–Why don’t yeh go across an’ ask him? said Jimmy.

Father Molloy’s house was right across the road.

–I will not, said the caretaker.—It’s not my job to go across an’ ask him.

–Wha’ is your job? Billy asked.

–I’m the caretaker, said the caretaker.

–You’re not very good at it, are yeh? said Billy.—The state o’ the place.

–Shut up a minute, Billy, said Jimmy.—Look.—If I go across to Father Molloy will tha’ do?

–Yis’ll have to get your gear ou’ first. I want nothin’ in here till I’m officially informed.

Jimmy looked at Billy and Dean.

They started to gather the drums.

–It’s our church collection money goes to pay your wages, Billy told the caretaker.

–I wouldn’t get very far on the money you’d put in the collection, so I wouldn’t, said the caretaker.

–Well, yeh’ll be gettin’ tenpence less from now on.

–Make tha’ twenty, said Dean.

–That’s no problem, said the caretaker.—I put in fifty meself. I’ll oney put in thirty from now on.

They were beginning to like each other. The caretaker carried two mike stands for them.

–It’s a cushy one, I’d say, is it? said Billy.


–Your job.

–Oh, it is alrigh’, the caretaker admitted.—I do fuck all to be honest with yeh. I watch a few women polishin’ the floor on Tuesdays. An’ I put ou’ the chairs for the bingo. An’ I open the windows to get rid o’ the smell o’ the footballers. That’s abou’ it.—Mind you, the pay’s useless.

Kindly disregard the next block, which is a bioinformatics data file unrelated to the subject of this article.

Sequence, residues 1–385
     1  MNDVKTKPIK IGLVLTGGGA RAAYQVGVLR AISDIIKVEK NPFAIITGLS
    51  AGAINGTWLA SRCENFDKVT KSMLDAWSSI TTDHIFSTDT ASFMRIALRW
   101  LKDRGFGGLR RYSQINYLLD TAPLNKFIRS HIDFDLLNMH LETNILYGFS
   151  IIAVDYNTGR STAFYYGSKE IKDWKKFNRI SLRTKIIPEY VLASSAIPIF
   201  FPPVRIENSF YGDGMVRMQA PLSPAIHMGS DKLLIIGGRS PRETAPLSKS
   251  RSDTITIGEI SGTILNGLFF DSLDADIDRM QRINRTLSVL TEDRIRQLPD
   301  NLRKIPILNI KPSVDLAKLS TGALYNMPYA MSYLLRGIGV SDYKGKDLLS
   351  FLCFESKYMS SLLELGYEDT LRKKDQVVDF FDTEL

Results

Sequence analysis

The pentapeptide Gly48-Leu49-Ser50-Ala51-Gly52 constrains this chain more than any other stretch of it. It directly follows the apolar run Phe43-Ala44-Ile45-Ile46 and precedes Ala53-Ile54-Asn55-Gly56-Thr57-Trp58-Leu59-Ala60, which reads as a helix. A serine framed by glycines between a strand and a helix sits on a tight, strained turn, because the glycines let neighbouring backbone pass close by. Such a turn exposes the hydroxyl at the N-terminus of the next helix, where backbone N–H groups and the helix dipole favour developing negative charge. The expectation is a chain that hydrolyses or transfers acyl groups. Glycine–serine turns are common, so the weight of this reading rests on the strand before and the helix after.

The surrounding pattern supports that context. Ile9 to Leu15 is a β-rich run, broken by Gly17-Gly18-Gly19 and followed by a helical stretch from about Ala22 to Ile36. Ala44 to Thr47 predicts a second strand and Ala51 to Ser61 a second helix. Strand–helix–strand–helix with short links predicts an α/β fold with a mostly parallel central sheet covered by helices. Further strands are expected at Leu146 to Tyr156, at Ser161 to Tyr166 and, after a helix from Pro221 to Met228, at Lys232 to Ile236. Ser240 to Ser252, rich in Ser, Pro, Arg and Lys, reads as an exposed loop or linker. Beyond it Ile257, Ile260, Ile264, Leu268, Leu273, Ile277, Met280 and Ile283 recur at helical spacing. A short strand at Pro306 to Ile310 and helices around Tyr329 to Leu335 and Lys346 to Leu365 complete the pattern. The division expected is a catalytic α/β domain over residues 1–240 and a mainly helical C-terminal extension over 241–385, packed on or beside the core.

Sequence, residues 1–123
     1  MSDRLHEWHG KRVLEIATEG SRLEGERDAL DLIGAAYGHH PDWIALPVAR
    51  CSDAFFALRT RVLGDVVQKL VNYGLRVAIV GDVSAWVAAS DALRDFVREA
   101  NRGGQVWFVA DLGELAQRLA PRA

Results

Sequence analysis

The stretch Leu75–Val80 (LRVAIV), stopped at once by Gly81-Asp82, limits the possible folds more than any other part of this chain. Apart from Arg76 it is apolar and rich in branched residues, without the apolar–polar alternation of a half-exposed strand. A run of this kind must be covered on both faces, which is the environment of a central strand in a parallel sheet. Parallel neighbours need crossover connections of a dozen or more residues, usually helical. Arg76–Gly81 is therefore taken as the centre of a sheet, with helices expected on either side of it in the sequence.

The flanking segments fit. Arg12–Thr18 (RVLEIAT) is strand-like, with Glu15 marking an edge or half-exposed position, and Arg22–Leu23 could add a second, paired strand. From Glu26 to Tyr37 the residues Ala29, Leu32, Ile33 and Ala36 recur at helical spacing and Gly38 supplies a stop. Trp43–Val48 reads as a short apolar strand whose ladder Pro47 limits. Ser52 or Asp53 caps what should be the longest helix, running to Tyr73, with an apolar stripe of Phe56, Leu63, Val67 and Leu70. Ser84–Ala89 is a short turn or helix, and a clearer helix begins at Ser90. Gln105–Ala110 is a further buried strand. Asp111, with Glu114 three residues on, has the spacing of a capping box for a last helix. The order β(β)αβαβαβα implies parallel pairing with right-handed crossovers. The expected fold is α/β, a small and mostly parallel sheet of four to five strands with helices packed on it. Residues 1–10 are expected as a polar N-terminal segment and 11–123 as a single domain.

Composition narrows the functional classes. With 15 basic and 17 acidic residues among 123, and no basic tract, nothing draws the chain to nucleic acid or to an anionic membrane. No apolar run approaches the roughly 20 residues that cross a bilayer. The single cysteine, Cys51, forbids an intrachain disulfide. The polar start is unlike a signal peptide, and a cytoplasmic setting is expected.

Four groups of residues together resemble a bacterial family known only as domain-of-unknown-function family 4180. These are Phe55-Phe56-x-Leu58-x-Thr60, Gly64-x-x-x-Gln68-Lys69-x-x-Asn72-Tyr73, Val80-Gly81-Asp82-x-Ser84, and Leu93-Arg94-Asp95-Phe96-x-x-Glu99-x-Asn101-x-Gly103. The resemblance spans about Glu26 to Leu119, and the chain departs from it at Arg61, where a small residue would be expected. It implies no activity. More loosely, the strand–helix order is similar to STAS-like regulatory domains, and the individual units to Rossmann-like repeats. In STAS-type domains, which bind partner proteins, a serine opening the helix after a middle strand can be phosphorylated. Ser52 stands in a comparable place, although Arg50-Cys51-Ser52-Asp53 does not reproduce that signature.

–I s’pose so, said Billy.

He took a cigarette from the packet the caretaker held out.

–The soccer fellas are much smellier than the gaelic ones, said the caretaker.—I think it’s because the soccer mammies don’t wash their gear as much.

–The gaelic mas would all be culchies, said Dean.—They’re always washin’ clothes.

–That’s very true, said the caretaker.—Will yis be wantin’ the chairs ou’?

–No, said Billy.—It’s stand-up.

–That’ll be great, said the caretaker.—I’ll sneak home for Jim’ll Fix It. Yis’ll be alrigh’ by yourselves for a while.

Jimmy came back.

–Father Molloy says it’s alrigh’.

–That’s great, said the caretaker.—I’ll give yis a hand to bring your stuff back in.—D’yeh think I could have a go on the drums?

–No problem.